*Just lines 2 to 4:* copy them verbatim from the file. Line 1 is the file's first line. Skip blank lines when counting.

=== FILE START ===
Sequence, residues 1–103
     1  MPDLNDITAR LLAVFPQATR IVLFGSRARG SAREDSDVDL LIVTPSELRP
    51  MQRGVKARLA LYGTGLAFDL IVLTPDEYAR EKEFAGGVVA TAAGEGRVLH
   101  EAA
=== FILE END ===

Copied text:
     1  MPDLNDITAR LLAVFPQATR IVLFGSRARG SAREDSDVDL LIVTPSELRP
    51  MQRGVKARLA LYGTGLAFDL IVLTPDEYAR EKEFAGGVVA TAAGEGRVLH
   101  EAA